International Education Week

By: Yvonne Nachtigal

Beginning today, Volunteer State Community College will be celebrating National Education Week with a special event that goes through Thursday, Nov. 15.

Director of International Education John Espey said international education week at Vol State began about 10 years ago as the result of the Tennessee Board of Regents including international education in their goals and programs.

“The primary goal is to prepare students for participation in global society,” said Espey. Continue reading

PTSD lecture takes place at Vol State

By: Riley Holcraft 

Volunteer State Community College continues its Let’s Talk series with a discussion about post-traumatic stress disorder. The audience was mostly made up of students studying to become EMTs; a better understanding of this common condition is useful on the job.

Tiffany Zwart, Coordinator of Student Support, organized this event near Veteran’s Day due to the fact that PTSD targets many members of the military community.

Guest speaker, Joanna Finney Dixon, gave a presentation concerning the causes, symptoms, and treatment of PTSD. Dixon is a licensed marriage and family therapist, mother to three children, and founder of Matters of the Heart Counseling. Continue reading

Lady Pioneers host Northeast Mississippi for first home game

Lady Pioneers coaches overseeing practice.

Lady Pioneers coaches overseeing practice.

By: Nick Kieser

On Nov. 12 the Volunteer State Community College Lady Pioneers basketball team hosts Northeast Mississippi Community College for the first home game of the season.

“We haven’t really talked about that game because we are trying to emphasize one game at a time. After the game on Monday, we will look back at we can take away from that game,” said guard Hope Hinson last Friday.

Two games into the 2018-19 season the Pioneers have an even record 1-1. This time last year the record was a five-game losing streak. Continue reading

“Wulin Hanyun” Performance at Vol State

By: Yvonne Nachtigal

Volunteer State Community College promoted a Chinese cultural exchange at Caudill Hall Nov. 2, with a Shaolin Kungfu and Chinese folk music performance of “Wulin Hanyun.”

About 200 people attended the two-hour show, which was a blend of history, martial arts, and musical performance was performed by students from Songshan Shaolin Wushu College.  Traditional Chinese music was performed by musicians from Henan University.

The troupe has performed “Wulin Hanyun” on 120 campuses worldwide. This is the second year it has included Vol State on its U.S. tour.

“They had multiple stops and were kind enough to include us. I would guesstimate they might have done eight to 10 performances this year,” said Director of International Education John Espey. Continue reading

Mens basketball gets first win at home this season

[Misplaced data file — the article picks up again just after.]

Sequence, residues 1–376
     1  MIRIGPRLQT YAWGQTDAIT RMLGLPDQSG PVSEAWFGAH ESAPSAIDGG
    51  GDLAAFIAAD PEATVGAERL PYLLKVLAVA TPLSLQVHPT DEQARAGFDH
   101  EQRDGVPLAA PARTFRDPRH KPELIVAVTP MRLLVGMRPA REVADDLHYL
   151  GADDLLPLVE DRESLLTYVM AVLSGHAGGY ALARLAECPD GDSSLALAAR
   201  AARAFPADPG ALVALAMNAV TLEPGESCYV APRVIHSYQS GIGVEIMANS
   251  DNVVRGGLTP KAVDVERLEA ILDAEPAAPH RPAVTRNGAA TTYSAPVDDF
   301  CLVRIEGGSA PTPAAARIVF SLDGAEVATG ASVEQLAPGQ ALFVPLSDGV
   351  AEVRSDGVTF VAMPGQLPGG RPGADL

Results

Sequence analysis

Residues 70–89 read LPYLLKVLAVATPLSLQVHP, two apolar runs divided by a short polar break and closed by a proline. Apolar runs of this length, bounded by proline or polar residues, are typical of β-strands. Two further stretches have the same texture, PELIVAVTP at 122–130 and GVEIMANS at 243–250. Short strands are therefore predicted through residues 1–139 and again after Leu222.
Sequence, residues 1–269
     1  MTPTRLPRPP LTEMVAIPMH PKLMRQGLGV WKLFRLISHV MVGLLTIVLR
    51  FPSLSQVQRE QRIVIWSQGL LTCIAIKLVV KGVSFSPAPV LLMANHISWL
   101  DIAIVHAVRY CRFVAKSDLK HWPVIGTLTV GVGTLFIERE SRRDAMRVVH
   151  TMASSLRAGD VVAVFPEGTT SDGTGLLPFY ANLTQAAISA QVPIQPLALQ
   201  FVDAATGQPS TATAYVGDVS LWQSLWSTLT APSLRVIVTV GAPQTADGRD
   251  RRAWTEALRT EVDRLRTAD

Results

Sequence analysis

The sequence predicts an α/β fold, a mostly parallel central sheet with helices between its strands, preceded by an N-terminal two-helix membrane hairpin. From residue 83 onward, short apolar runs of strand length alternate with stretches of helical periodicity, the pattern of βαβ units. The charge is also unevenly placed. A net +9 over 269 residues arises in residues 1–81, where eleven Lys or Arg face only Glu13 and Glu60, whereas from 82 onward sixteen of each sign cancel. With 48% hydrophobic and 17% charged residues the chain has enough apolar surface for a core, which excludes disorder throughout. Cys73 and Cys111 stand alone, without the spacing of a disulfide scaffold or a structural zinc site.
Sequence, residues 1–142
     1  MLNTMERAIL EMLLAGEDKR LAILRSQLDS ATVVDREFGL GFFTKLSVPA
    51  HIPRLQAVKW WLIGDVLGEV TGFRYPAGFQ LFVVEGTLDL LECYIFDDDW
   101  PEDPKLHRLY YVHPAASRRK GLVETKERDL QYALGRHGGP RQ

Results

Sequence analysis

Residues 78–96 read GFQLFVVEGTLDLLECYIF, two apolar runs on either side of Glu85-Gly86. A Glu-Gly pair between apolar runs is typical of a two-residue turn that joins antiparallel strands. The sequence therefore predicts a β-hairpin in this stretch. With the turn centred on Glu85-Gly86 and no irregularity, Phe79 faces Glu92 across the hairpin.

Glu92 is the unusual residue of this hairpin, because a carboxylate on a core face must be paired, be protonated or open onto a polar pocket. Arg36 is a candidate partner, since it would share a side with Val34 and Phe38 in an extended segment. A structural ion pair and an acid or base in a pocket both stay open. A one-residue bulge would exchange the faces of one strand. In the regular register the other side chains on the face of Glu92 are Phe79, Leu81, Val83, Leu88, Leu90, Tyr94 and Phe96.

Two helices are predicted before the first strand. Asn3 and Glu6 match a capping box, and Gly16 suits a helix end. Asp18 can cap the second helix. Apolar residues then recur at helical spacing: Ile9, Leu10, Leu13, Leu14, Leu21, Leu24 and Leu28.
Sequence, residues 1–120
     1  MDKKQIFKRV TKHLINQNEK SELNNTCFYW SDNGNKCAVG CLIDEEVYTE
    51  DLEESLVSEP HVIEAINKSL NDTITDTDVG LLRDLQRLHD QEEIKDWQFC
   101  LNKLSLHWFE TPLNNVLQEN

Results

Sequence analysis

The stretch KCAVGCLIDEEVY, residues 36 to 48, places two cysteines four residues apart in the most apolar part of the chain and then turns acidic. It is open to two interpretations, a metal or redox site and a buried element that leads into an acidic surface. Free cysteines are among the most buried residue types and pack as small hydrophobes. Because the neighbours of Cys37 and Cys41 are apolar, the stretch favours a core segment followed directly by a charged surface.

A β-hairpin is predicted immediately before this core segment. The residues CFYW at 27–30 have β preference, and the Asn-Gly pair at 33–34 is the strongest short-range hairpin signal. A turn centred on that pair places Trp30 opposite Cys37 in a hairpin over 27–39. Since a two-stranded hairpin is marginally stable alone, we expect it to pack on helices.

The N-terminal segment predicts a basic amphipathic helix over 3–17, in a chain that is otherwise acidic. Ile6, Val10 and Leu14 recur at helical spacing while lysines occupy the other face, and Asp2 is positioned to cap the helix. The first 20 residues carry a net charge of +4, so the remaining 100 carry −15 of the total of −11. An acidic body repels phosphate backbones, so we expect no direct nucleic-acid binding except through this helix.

By: Jim Hayes 

The Volunteer State Community College men’s basketball team scored a 98-95 win over the Bethel University Wildcat junior varsity team Nov. 5, before losing to the Vincennes University Trailblazers, 98-38 the next night.

The Trailblazers held the Pioneer guard George Stanberry to 20 points one night after he dropped 38 on Bethel.  No other Vol State player had more than four points against Vincennes.

“We got beat by a top-five team in the country,” said head coach Rusty Melvin.  “They’re stronger, faster, they are well coached, and last year were 33-2 and finished third in the national tournament.” Continue reading

WWII Comes To Life at Rochelle Center

By: Yvonne Nachtigal

Volunteer State Community College was treated to a World War II Display at the Rochelle Center in Thigpen Library Oct. 31 and Nov. 1.

The exhibit featured Vol State History Faculty Member Peter Johnson’s extensive World War II memorabilia collection.

The sound of Peggy Lee’s “Waiting For The Train” 1945 added to the ambiance as students viewed the exhibit of World War II uniforms, guns, swords, flags and newspapers and more.

Johnson, who was dressed in a World War II uniform, said he started his World War II when he was eight-years-old.

“My dad bought me a helmet. That was my first helmet. My dad was a World War II veteran,” said Johnson.

Johnson mentioned that many men in his neighborhood and all of his male teachers were veterans too, which added to his interest.

Johnson said that some items in the collection were given to him by veterans, some who were neighbors. He found many other items at military shows, antique stores, and garage sales.

Johnson enthusiastically answered student’s questions and shared the stories behind several of the items in his collection.

He said the memorabilia brings history to life, and that he likes imagining what the people associated with each of the items saw.

His favorite item is a bomber coat.

“You can’t find those anymore. I’ve been offered a lot of money for it. If my house was burning down I’d run upstairs and grab that thing. Of course, I’d grab my wife too,” said Johnson.

Asked about the value of the collection Johnson said that at some point he needs to create an itemized list.

“I can tell you this much, that there is one box worth $3000. Now you’re probably all wondering which box it is,” said Johnson.

The exhibit was well received by students.

“I’m really not that interested in history, but Professor Johnson’s presentation, and being able to see the collection makes it a lot cooler. The swords were my favorite part,” said Vol State General Sciences major Brenton Kennedy.

“It gives a perspective of what it was actually like,” said student Alex Winkler.